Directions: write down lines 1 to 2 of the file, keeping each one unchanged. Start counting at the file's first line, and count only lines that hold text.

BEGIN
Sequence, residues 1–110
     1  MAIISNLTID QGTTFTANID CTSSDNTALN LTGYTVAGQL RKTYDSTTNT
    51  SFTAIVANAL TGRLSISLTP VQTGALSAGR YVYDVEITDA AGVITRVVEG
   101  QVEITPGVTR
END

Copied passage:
Sequence, residues 1–110
     1  MAIISNLTID QGTTFTANID CTSSDNTALN LTGYTVAGQL RKTYDSTTNT